Upon completing my graduate research at Appalachian State University concerning central Appalachia's two major transitions (industrialization and the War on Poverty), I am hopeful that this research may provide some important strategies for regional stakeholders as they begin navigating through what comes close to being virtual chaos in an otherwise comforting scenario where coal has been king. In West Virginia, myself and others have been working day and night to ensure that the communities, who have and still provide America's energy based economy with a much needed fuel resource (coal), will not suffer as the US transitions to a sustainable energy economy.
To put it in simple terms, renewable energy signifies a similar transition that coal ushered in during the regions industrial period, roughly between the 1880s to 1920s. Only this time, this transition is profoundly democratic given the distributed nature of renewable energy's integration into the grid. In order to prepare the region for this transition, many regional evolutionaries (e.g., entrepreneurs) have begun to develop a new way of thinking about energy development that will be unfolding over 2014, that is, integrated energy.
One initial "integrative" success comes from Kentucky. Kentucky Hemp Growers Cooperative Association (KHGCA) has emerged as a regional leader in developing integrated energy solutions. As a part of an emerging Central Appalachian Sustainable Economies (CASE) network that emphasizes a market based approach to regional development, KHGCA along with Patriot Bioenergy Corportion released a technical brief entitled: "Hemp as an Energy Crop to Transform the Economy of Rural Kentucky." In line with an integrative strategy, the briefing states that "co-firing is an attractive near term strategy for existing power plants to achieve reduction of carbon dioxide and other pollutants in compliance with new regulations on emissions, and it has been demonstrated at more than 150 power-generating sites around the globe."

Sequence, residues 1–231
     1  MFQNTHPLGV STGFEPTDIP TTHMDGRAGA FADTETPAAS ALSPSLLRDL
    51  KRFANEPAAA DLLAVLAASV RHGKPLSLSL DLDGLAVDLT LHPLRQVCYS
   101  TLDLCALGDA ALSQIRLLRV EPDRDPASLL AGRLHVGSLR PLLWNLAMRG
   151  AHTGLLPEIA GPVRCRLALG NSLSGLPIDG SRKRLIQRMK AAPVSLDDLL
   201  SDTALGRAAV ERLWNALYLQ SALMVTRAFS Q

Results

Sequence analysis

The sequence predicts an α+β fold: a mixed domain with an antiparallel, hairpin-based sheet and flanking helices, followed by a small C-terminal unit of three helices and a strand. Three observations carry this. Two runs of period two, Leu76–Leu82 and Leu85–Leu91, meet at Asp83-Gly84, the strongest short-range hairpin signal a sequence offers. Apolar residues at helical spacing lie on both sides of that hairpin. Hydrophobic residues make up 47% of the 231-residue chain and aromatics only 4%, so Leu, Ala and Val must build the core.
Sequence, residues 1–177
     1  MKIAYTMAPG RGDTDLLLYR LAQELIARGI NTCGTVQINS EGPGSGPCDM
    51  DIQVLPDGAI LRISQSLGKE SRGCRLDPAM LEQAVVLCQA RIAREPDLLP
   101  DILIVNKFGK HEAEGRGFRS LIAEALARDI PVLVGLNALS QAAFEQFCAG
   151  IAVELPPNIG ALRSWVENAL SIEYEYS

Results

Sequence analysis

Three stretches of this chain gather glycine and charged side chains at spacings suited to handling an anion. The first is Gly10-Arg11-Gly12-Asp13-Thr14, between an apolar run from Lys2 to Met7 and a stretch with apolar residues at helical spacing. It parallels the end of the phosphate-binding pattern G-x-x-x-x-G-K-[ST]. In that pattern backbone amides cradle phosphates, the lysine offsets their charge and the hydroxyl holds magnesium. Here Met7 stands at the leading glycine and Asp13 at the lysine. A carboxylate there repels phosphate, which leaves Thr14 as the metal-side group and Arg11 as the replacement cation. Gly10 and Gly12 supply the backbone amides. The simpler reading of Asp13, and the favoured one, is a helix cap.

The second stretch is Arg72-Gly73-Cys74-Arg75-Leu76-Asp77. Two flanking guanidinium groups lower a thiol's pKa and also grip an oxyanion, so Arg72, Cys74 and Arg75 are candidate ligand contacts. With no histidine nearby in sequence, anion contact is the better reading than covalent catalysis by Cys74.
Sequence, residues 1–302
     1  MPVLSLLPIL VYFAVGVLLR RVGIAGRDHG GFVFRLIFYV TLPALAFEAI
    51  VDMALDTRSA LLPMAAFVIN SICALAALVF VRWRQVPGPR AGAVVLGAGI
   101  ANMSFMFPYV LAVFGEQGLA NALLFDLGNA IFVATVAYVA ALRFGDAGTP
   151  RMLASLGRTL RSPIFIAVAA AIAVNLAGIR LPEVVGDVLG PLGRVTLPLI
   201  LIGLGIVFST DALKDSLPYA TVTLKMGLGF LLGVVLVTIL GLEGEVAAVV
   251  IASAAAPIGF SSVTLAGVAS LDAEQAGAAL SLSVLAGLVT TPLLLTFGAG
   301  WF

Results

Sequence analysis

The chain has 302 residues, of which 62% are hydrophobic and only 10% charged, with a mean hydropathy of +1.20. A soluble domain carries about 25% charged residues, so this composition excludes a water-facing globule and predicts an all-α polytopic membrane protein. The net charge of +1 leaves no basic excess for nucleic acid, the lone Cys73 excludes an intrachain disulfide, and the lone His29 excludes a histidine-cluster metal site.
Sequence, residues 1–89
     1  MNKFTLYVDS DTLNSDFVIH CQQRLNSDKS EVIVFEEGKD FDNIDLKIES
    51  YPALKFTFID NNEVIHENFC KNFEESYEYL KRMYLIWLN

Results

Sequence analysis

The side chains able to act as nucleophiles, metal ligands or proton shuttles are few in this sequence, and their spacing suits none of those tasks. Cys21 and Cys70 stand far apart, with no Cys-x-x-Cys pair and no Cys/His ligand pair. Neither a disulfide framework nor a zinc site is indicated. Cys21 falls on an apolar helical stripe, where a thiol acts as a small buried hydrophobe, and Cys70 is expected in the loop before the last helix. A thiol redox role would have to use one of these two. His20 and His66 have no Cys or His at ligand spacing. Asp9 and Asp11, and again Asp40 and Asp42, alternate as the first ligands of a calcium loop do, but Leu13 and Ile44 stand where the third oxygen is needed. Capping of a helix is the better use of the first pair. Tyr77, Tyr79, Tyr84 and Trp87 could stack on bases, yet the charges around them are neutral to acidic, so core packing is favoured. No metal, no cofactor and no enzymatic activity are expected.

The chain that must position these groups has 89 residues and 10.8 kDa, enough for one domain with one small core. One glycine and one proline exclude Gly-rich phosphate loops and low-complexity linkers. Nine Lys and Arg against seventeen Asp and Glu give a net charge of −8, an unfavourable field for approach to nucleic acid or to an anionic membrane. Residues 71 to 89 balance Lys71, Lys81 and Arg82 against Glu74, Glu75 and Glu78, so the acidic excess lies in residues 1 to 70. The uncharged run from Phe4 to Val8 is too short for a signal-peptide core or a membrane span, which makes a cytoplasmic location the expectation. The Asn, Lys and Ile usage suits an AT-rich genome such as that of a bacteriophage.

The briefing concludes: "Our vision is that existing power plants will serve as hubs for integration of agriculture, energy conversion, and manufacturing in a new economy that benefits from the ability to convert biomass, and particularly hemp, into thousands of valuable products." Roger Ford, CEO of Patriot Bioenergy Corporation, stated that “as an energy based economy, central Appalachia has the technical know-how and infrastructure to position itself as a national leader in sustainable energy development and integrated energy is the key.” He continued, “this translates to an all-the-above energy strategy for a region that is predominantly defined by traditional energy resources to date.”
This statement reflects a broad based sentiment across the region that sustainable energy will play a key role in central Appalachia’s emerging transition where creating jobs is tantamount to discovering the holy grail of community revitalization. Bob Napier, who had been a coalminer for 22 years before a Kentucky county company laid him off, stated that: "The main thing is we need jobs — something in here that would put these people that's off work back to work." In the end, it’s not coal vs. renewable energy but jobs vs. no jobs that matters during this delicate and vital transitional period for the region. Simply put, integrated energy may indeed be the key to a successful transition in a region predominantly defined by fossil fuels.
In this spirit, Bill Opalka’s statement in a 2011 Energy Biz article clarifies the integrated approach: “Take decidedly clean technologies like wind or solar and the in-vogue, cheap and plentiful energy choice of the present, natural gas, and combine them to create a seamlessly operating power plant.” For Bill and many others, “it seems like a match made in energy heaven.” Here, West Virginia being considered as “almost heaven” becomes more and more of a reality than a nostalgic country ballad.